by Skip Anderson
Pat Duke’s voice is deep and expressive, with a hint of Southern twang that he can ramp up or shut down completely. Anyone who has spent more than a few minutes watching TV over the past three decades has undoubtedly heard his voice. Duke, a Nashville native who earned his Music Theory-Composition degree from MTSU in 1981, is a voice actor who has appeared in more than 10,000 television commercials.
For five years, Duke’s voice boomed Kool-Aid Man’s distinctive catch phrase, “Ohhhhh, yeahhhh!” He is the memorable low-rumble voice that growls “Coors” while crushed ice slides down the dark-brown bottle. Duke additionally has voiced dozens of characters in cartoons, animated features, and video games.
As the voice of Col. Urban Holland, he guided tens of millions of players through Halo: Reach, the fourth installment of the top-selling video game franchise. Perhaps most notably, Duke has narrated the History Channel reality series Swamp People since its launch in 2008.
But before Duke became one of America’s best-known voice actors, he was an MTSU student craving all the acting, singing, and music opportunities he could find—excelling in all classes in the music curriculum. In retrospect, this shouldn’t be a surprise. His father, John Duke, is a professor emeritus of Music who taught at MTSU for more than 25 years.
As a student, the younger Duke spent nearly all his time focusing on the arts—from music classes to playing xylophone in the Band of Blue, to portraying lead roles in musicals staged by Dorethe “Dot” Pigg Tucker, and to drumming in the Blues Crusade, MTSU’s big band.
He also co-founded the high-energy musical group Contraband, which helped launch several alumni to careers as top studio musicians on Music Row. During summers, Duke sang in Opryland shows such as I Hear America Singing!, Showboat, Jimmy and the Jets, and The Sh-Booms.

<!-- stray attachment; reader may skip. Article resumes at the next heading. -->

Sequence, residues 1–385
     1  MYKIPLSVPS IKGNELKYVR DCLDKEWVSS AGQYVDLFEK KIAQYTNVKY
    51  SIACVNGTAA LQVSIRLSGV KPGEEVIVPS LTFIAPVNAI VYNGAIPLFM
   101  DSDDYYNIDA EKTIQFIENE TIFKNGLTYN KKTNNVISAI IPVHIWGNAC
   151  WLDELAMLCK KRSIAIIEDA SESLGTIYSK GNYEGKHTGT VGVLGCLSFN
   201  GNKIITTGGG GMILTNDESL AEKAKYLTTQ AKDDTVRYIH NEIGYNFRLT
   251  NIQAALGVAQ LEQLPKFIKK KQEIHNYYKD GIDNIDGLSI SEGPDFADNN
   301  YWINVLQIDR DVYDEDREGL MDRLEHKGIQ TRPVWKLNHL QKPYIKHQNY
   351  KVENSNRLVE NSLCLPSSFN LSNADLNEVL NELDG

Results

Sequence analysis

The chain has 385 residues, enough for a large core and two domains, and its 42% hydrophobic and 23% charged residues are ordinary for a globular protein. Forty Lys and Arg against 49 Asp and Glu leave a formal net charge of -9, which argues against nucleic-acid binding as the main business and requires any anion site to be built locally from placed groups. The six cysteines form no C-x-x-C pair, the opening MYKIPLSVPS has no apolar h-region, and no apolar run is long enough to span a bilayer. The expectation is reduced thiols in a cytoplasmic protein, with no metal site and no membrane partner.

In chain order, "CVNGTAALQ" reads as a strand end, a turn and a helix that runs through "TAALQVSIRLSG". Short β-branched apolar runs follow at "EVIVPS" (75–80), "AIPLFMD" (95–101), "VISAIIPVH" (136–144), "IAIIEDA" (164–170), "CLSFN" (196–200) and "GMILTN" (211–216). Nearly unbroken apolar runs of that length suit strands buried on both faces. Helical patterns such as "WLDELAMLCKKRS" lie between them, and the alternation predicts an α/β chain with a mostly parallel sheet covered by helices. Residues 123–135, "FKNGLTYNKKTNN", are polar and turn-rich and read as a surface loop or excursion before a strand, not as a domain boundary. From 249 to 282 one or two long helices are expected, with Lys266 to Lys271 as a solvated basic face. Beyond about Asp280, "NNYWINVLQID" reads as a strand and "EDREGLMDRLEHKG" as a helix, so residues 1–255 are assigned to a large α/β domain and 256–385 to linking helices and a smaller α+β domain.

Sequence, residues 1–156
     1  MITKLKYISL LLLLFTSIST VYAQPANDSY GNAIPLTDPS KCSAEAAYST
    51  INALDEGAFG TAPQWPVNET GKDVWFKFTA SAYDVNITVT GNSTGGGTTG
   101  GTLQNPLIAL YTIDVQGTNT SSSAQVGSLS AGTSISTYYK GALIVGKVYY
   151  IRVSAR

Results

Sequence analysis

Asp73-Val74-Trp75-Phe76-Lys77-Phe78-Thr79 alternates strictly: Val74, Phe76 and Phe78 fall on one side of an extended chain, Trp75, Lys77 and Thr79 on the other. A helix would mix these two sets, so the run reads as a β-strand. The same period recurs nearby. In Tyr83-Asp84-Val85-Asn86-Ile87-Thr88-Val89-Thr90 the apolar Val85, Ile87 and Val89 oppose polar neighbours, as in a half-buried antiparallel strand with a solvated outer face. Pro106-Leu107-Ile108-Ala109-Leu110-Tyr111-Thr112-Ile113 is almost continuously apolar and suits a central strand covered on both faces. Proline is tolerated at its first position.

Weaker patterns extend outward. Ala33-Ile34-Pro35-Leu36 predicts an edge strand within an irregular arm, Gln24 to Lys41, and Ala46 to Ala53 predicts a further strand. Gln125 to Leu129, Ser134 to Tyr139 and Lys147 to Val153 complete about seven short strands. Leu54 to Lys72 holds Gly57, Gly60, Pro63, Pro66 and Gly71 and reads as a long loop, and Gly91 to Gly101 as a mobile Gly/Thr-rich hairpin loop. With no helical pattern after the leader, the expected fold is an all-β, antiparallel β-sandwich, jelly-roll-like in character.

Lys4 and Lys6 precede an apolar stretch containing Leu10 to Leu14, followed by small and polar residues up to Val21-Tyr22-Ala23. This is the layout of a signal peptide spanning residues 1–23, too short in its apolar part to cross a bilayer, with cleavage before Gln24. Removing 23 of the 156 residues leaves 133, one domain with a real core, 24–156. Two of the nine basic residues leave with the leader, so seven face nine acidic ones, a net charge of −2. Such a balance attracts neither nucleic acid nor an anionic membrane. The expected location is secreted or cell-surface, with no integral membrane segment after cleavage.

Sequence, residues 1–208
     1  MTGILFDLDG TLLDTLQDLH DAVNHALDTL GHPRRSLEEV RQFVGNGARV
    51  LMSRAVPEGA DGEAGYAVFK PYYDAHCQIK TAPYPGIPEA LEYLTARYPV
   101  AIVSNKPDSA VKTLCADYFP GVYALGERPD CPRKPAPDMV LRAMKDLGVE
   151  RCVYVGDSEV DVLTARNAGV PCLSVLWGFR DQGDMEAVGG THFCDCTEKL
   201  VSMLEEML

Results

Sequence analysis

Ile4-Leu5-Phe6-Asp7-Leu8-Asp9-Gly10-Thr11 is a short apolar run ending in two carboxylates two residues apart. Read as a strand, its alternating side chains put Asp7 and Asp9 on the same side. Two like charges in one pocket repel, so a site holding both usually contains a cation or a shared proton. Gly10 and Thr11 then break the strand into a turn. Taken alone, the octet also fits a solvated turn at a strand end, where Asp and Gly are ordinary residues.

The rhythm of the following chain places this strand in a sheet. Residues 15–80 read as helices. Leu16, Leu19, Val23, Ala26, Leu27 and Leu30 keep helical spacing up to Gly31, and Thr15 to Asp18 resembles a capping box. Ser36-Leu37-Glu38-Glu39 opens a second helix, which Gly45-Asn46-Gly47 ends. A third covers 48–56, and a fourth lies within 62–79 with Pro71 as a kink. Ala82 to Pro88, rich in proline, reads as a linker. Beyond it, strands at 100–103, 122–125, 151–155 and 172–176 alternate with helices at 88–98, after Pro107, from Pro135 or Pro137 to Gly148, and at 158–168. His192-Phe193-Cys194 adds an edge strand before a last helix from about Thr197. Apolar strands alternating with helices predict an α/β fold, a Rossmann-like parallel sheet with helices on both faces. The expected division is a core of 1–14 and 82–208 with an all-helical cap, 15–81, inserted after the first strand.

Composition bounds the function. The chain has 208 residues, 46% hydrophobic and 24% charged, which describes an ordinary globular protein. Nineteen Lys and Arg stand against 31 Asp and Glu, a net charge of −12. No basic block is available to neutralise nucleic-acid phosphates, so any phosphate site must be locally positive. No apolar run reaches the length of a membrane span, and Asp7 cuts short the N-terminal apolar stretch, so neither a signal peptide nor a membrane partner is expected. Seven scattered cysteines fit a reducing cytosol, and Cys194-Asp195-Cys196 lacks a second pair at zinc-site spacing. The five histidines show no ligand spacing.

“I was performing seven days a week when I was at MTSU,” Duke said. “Contraband played all over the South on weekends, which made my voice sound tired come Monday morning, so I switched my major from Vocal Performance to Music Theory-Composition.
“MTSU truly was the key that unlocked my future.”
Duke, recently named MTSU’s Distinguished Alumnus for 2020–21, worked for Pat Patrick Productions at Audio Media in Nashville as a writer, singer, and musician after graduation. The company specialized in music for commercials, and his audition was to write two jingles.
“I learned to work quickly and accurately in the studio, which is critical in the music business,” he said.
Duke then co-founded 615 Productions with fellow MTSU alum Randy Wachtler (’84), which later became one of the biggest music production libraries in the world.
After moving to Chicago to continue his career, Duke met his late wife, Sally Hewlett, who passed away in 2019 following a short battle with cancer.
“We fell in love at first sight and were never separated after that,” he said. “We went to concerts, stage plays, comedy clubs, and art shows constantly. And we both loved movies.”
In Chicago, Duke sang with such mega-stars as Celine Dion, Michael Bolton, Josh Groban, and Gladys Knight. Through his ad agency connections, he helped Sony Music launch the Dixie Chicks (now The Chicks). His voice-acting career led him to New York and Los Angeles, and Duke voiced seven Super Bowl commercials—one winning the coveted PromaxBDA award for best voiceover.
After 10 years as narrator for Swamp People, Pat moved with Sally to Murfreesboro to live near his parents, John and Bobbie, who are now in their 80s. Pat’s sister, Renee Duke Miller (’82), also graduated from MTSU.
“I always knew I’d be coming back home,” Duke said. “It’s good to be close to my family again.”
Duke continues his work for Swamp People and many other clients from his home studio, and he recently founded an L.A.-based film production company, Duke Films, with his cousin, D.W. Duke.
“We have a big-budget film in the pipeline about the Jewish resistance in Warsaw, Poland, during the Holocaust,” Duke said. “This is another career path for me to go down, and I’m super excited about it.”
To hear some of Duke’s work as a voice actor, visit patduke.com.